Innovation has become a bit of a business buzzword. Every CEO and CIO worth their salt wants to be seen to be on the forefront, bringing new products and services to a market. However, it doesn’t always go to plan, and rushing in to things head first without the proper due diligence can land a company in hot water.
One of the most critical professional challenges that employees face today is being able to successfully manage positive change within their organization. Innovation has become a watch word, with so many divisions not being able to find enough valuable ideas and then successfully manage those ideas into a commercial offering that sometimes companies even respond to customer tickets and bugs and simply label those results as “innovation.”
In my first article in this series, I talked about the continued, and often misplaced, focus of corporate innovation leaders on developing disruptive innovation efforts. My basic argument within the article was the while “Big I” innovation can be a valid driver of growth. However, few companies are in the right position or have laid the appropriate groundwork to support and develop new, groundbreaking ideas, especially in the context of the existing organizational culture.
In order to create Breakthrough Innovations, you need to abandon the corporate robot-zombie talk, says Andrew Benson. By cultivating an open and free form innovation culture organizations can avoid the idea logjams created by formal innovation processes.
The optimal balancing of radical and incremental innovation is becoming a Key Success Factor in many industries. Organizational ambidexterity is the approach to achieve this. With a best-in-class ambidextrous set-up, firms can become innovation leader.
It seems to be more or less a fact that the more mature a company is, the harder it is to produce something totally new that deviates substantially to what has been done earlier. In order to understand this phenomenon better Bengt Järrehult makes a comparison between human and industrial life, trying to elucidate the similarities and differences between the 2 worlds.
Insurance providers aren't particularly well known for their fast-paced innovation. In truth however, the insurance industry is on the cutting edge of corporate environmental awareness and has been for some time. Insurance providers also manage their innovations: They introduce new ideas but don't adopt them at a faster pace than they can support.
Though companies invest into innovation they like results less and less. There seems to be a glass ceiling for driving innovation, which neither new tools and processes nor innovation consultants seem to crack. It is time to face the elephant in the room: company culture and its impact on innovation performance. Top management needs to learn deal with it. Then company culture will become a driver of innovation rather than getting in the way.
In the first part of a 3-part article series innovation-3’s Frank Mattes and Integrative Innovation’s Ralph-Christian Ohr worked out why successful firms need to balance radical and incremental innovation. They introduced the concept of organizational ambidexterity as an appropriate way for simultaneously conducting exploration and exploitation, the two paradigms behind radical and incremental innovation.This second part shows some best practice examples of how the most innovative firms are setting up organizational ambidexterity.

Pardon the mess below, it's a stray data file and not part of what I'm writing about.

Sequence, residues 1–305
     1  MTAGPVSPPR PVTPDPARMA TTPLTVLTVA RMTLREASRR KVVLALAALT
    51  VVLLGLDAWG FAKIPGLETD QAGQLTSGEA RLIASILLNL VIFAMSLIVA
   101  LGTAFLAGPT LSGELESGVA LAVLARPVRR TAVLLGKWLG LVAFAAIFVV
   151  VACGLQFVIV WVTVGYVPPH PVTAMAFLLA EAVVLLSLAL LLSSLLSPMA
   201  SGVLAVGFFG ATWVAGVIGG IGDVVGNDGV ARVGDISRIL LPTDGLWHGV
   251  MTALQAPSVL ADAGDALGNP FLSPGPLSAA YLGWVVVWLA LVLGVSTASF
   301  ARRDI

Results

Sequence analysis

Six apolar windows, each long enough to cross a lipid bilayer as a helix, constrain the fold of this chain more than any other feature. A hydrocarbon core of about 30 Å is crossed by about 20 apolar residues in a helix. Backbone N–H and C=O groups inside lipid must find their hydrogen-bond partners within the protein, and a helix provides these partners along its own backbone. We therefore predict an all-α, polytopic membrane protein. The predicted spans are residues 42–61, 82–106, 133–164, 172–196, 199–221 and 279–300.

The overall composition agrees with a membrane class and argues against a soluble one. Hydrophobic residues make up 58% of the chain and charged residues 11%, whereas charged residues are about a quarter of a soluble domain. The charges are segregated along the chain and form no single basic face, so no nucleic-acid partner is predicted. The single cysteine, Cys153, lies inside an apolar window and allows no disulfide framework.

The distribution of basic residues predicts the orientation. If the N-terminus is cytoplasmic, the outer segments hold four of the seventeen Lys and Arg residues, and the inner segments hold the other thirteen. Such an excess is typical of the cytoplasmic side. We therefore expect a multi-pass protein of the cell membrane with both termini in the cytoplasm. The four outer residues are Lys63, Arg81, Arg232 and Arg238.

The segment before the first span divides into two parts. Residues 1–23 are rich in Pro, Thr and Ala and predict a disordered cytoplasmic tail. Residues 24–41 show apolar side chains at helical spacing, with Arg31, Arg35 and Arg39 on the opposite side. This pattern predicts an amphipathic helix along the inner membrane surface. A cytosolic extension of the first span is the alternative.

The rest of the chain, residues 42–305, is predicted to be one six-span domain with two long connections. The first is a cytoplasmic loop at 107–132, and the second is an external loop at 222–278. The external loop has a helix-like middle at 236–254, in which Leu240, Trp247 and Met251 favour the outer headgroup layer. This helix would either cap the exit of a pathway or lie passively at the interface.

From incremental to breakthrough innovation projects, managers need to handle different activities and with them dissimilar venues of risks. In this article the internal, external and hidden risks of incremental, differential, radical, and breakthrough innovation projects are identified and ranked accordingly. In addition, for every category a general innovation eco-system has been analyzed.
Organizational ambidexterity is becoming a Key Factor for Success in many industries. With a proper ambidextrous set-up, firms can optimally balance radical and incremental innovation.This is part 1 of a 3-part article co-written by innovation-3’s Frank Mattes and Ralph-Christian Ohr from Integrative Innovation. In this article we are showing the need for organizational ambidexterity, introduce the concept, show how it can be implemented and provide two case studies from leading German firms
Frequently, brainstorms, idea campaigns and similar idea extravaganzas end with a vague notion of choosing the best idea. The problem here is that a truly creative idea, the kind of idea that has the potential to become a breakthrough innovation is seldom the best solution to the problem or the best path to achieving a goal - for the very simple reason that highly creative ideas are original. They cannot directly be compared to existing notions, warns Jeffrey Baumgartner.
Do you often find yourself procrastinating on important, yet non-urgent matters in order to take care of the stuff that needs immediate attention? This all-too-common circumstance also takes place on a larger scale. Bengt Järrehult walks us though how to deal with the incremental and breakthrough projects at the same time
Internal and external communities can bring real value to your organization by providing ideas and feedback for the innovation pipeline. Amy Kenly takes a look at several leading practices companies should consider when managing or participating in these communities.
Existing methods for the management of innovation projects have a low probability of success in the development of radical or disruptive innovations. A new spiral approach has been developed that provides the balance of flexibility and control needed for a repeatable and successful approach to disruptive innovation.